A discovery journey into community-led circular innovations
With Wekesa Zablon Wanyama
Ladies & Gentlemen, welcome on board of Circular Conversations Airlines! The host (H) speaking, message to all passengers:
We are about to embark on an adventurous journey through the daily life of Nairobi, to discover the opportunities and challenges Kenyan individuals and communities are encountering along the road to a prosperous life; for the local society, environment and economy. This is a journey into the potential of community-born and -led initiatives that try to reshape local socio-cultural and economic norms, with the ultimate objective of creating healthier, wealthier and more connected communities. We will see the good and the bad, the beautiful and the ugly, the inspiring and the frustrating, but will strive to highlight what our journey guide, Wekesa Zablon Wanyama, defines as “the moment when the magic happens”.
Wekesa (W) is a young Kenyan designer and community leader and Kenya’s Regional Organizer for the African Circular Economy Network. As a designer born and raised in Nairobi, he leads Circular Design Nairobi, a source of empowerment for design communities in the region to unlock the paradigms and embrace the new tools of transforming enterprise ‘to realise the promise that lies unexploited’. With a passion for improving education for children and (young) adults, Wekesa is engaged in a multiplicity of initiatives aimed at making individuals entrepreneurial and aware of the potential of circular practices.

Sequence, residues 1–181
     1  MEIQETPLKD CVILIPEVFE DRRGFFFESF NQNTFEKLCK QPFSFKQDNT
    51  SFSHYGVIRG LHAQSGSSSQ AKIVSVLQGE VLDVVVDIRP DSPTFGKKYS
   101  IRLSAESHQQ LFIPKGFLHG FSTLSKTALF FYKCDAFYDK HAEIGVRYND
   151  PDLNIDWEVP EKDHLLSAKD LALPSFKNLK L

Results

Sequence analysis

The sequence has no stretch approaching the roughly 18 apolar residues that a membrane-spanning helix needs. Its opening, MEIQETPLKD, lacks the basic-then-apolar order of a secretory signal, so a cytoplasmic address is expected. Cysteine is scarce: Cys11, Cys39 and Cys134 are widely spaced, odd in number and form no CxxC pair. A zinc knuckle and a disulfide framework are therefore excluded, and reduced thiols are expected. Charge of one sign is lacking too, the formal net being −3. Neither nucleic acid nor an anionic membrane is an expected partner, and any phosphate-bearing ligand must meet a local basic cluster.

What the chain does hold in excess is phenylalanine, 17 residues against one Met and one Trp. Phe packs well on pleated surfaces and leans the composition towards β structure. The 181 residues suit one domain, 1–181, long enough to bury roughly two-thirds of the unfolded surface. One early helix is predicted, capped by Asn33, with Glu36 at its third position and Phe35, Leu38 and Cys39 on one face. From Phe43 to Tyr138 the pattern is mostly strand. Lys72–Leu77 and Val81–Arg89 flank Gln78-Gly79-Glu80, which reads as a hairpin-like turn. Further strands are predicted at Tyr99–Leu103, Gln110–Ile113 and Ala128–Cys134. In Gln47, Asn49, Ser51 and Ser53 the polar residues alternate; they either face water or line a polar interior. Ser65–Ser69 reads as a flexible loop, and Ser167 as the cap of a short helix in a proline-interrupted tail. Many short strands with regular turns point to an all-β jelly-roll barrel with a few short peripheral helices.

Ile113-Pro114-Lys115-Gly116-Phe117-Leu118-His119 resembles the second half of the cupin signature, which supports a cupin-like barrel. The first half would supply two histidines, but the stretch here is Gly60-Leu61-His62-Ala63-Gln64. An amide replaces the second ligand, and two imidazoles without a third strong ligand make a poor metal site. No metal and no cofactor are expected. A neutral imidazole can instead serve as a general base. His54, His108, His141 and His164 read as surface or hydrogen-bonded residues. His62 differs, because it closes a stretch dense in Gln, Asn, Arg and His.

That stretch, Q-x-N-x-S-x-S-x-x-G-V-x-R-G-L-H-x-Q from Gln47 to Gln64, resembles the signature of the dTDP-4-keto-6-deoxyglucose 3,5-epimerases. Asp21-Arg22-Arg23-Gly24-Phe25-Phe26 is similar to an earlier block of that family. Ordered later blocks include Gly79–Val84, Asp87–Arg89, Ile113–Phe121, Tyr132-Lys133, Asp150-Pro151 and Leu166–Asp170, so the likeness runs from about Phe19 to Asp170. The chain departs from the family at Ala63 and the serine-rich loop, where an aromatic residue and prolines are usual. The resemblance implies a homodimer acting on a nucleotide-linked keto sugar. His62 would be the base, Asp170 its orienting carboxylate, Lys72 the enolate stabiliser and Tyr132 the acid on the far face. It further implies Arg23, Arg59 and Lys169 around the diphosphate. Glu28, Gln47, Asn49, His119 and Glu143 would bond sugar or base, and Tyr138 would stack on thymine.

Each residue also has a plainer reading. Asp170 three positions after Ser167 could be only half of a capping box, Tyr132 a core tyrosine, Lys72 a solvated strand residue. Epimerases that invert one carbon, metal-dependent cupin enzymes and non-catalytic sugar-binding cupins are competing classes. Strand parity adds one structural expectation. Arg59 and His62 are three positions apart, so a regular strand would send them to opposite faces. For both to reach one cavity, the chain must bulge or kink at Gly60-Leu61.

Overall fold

Through the eyes and voice of Wekesa, this journey will shed light on local circular opportunities, their socio-economic and environmental potential, and the pressing challenges to their large scale adoption and reproduction. Through multiple case-studies, we will uncover how significant problems are being tackled through effective interventions and how these might be scaled up to provide benefits across the country and the whole continent. This journey has a flavour of real life, as crude as it gets, because it is not in fairytale but in reality that the magic happens. We will be exposed to a variety of stories and narratives, uncovering deep conflicts of interests, cultural norms and social practices. Ultimately, it will be you as a reader deciding which story to embrace and share.
The final destination is as yet unknown, but the journey is with the following stops:
Welcome to Nairobi: a city of multiple faces
Community-led circular initiatives
Seizing opportunities through circular interventions
The challenges on the way
Circularity in the everyday life - selected cases
Last stop: A community-based circular economy
Dear circular travellers, we are ready for take-off. Are you?
Chapter I. Welcome to Nairobi: a city of multiple faces
Known as the “Green City in the Sun”, due to the Nairobi National Park that lies at the doorstep of the city, Nairobi is a city of many faces and many stories. As our journey guide, Wekesa, stresses himself, “there are so many different lives you can live in Nairobi, from the most exotic and hedonistic life until the most basic one”. As capital and largest Kenyan city, Nairobi is the pulsating heart of the country’s economic, cultural and financial activity. Hosting many universities, government institutions, international organizations and multinationals, the city exerts a great appeal on young Kenyans and foreigners who come here in search of employment opportunities.
“They estimated that when you get to Nairobi, you’ll have to stay 20 years before you can go back to a rural area or to another location”.